New York’s protest was exceeded a week later when half a million people took to the streets of Montreal with Thunberg. She then appeared at numerous protests in US cities, intending to make her way over land to Santiago, Chile, for the annual UN climate talks. Civil unrest led to a relocation to Madrid. Plan B: return to Europe via catamaran taking the less treacherous southern route to Lisbon.
At that point Thunberg and her father were four months away from the routine of home. They had received some help from activists, but there was no entourage, no personal security. The family have refused financial assistance; she donates any prize money she receives.
During that arduous trip there was intense speculation she was about to win the Nobel Peace Prize. Climate blogger Eric Holtaus questioned if radicalism was a factor in her not being awarded it. She demands, for instance, that the world become carbon neutral by 2030 – an immense ask requiring dramatic transformation of economies.
I’m not travelling like this because I want everyone to do so. I’m doing this to sort of send a message
“Greta has galvanised the world’s attention on the most important problem in human history in a way that no one has ever done before,” says Holtaus. “She has become both a hero and a villain, depending on your willingness to accept the blunt truths she tells. Her critics say her approach is too confrontational, too divisive.”
The impact of her message, however, cannot be denied. Dr Declan Fahy of DCU, a specialist on environmental communication, believes Thunberg has had multiple effects on public understanding of climate change.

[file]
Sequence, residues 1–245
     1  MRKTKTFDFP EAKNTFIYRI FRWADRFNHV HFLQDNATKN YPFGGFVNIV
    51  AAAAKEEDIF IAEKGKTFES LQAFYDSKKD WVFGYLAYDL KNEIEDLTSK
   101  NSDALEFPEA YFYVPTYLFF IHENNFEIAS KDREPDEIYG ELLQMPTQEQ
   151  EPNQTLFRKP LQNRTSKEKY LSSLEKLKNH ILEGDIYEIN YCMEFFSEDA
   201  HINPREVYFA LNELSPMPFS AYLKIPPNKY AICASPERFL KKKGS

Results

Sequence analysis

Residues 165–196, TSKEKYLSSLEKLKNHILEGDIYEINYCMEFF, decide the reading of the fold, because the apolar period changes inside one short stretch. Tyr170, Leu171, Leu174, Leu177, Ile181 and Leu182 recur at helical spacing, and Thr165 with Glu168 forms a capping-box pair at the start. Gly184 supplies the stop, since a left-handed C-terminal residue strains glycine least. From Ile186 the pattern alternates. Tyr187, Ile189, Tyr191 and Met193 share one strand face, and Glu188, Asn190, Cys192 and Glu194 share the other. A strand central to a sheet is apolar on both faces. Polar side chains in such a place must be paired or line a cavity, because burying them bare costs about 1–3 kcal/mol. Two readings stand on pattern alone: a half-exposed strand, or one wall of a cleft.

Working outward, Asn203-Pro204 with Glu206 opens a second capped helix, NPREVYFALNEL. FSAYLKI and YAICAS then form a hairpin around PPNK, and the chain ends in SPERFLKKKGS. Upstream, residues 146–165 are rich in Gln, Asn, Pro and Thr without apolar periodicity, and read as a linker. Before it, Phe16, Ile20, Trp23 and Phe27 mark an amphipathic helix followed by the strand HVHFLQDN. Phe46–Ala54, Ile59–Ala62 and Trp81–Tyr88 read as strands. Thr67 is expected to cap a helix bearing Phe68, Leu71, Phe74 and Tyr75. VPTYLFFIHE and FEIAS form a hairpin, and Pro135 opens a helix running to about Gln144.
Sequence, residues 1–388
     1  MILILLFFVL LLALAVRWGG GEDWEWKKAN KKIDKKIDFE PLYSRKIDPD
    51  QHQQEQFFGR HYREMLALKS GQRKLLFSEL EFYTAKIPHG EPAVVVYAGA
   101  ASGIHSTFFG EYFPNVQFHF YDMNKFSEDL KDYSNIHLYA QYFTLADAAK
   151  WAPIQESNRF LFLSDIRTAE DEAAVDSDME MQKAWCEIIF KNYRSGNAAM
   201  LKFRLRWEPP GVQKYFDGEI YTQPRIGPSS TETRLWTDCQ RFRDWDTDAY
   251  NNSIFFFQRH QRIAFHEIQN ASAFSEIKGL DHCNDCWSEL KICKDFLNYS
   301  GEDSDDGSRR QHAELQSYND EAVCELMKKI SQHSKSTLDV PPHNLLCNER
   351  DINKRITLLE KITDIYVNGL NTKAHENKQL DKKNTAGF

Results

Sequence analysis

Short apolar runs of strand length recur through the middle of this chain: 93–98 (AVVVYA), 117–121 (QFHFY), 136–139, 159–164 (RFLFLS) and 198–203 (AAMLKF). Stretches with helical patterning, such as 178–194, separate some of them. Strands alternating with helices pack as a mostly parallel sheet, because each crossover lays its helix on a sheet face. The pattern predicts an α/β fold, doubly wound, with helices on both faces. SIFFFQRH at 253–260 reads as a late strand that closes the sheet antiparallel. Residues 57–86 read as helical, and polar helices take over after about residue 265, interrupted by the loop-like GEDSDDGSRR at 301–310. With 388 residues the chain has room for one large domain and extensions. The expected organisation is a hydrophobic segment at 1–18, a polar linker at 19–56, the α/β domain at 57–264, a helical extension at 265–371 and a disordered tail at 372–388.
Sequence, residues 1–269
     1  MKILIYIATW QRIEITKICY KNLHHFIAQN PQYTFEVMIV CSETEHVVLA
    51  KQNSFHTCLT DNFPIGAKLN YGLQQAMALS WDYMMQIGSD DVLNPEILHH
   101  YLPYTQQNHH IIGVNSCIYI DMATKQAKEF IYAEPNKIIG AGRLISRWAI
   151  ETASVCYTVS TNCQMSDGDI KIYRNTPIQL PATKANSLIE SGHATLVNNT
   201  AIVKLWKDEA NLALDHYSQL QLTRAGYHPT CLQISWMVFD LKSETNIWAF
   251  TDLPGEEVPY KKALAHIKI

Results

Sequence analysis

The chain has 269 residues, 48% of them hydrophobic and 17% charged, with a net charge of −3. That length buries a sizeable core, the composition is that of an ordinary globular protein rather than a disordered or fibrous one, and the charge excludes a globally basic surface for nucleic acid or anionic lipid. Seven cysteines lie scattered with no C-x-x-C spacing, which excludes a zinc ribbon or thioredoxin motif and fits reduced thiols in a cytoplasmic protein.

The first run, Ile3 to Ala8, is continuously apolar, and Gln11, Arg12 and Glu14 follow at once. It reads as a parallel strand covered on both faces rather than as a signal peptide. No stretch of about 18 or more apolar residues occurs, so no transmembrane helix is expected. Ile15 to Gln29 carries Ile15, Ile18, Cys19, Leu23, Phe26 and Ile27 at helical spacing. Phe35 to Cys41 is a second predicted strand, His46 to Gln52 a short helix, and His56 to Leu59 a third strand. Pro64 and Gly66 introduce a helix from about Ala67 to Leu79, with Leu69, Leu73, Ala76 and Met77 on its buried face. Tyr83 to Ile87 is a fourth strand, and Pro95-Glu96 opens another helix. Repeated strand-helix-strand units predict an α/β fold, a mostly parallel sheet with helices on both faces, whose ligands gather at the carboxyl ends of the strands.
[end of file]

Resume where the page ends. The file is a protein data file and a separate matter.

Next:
“She has drawn media and public attention to the issue. She provides a much-needed human dimension to climate change, which is so often told in a way that stresses the measurement of emissions, or the likelihood of projected future climate scenarios, or the impacts that will be felt in faraway places.”
She has successfully portrayed climate action as a moral issue, says Fahy. “She is a teenager, who is not representing an organisation’s agenda, and who has a deep stake in the issue as it concerns her future. When she speaks about climate change, she is authentic, credible, and trustworthy.”
Weight on her shoulders
Some of this is down to how she connects with people; she speaks about her own anguish and anger which makes what is at stake understood and felt at an emotional level. “That is very powerful. It meant she was able to cut through a lot of noise and capture attention in a way that felt real and true to people,” Fahy notes.
As for negative reaction, climate politics has always been nasty and divisive, Fahy says, and “it’s a big weight on her shoulders, being a teenager”. On the other hand, her ability to mobilise using social media is remarkable.
Recently, she posted on Instagram: “The endless conspiracy theories and denial of facts. The lies, the hate and the bullying of children who communicate and act on the science. All because some adults terrified of change – so desperately don’t want to talk about #climatecrisis. This is hope in disguise. We’re winning.”
On landing in Lisbon, she declared: “I’m not travelling like this because I want everyone to do so. I’m doing this to sort of send a message. That it is impossible to live sustainable [sic] today. That needs to change. We cannot require people to sail you across an ocean like this. That is absurd.
“Everyone has to do everything they can in order to make sure they are on the right side of history.”
In the meantime, Thunberg continues to dictate the course of rapidly unfolding environmental history.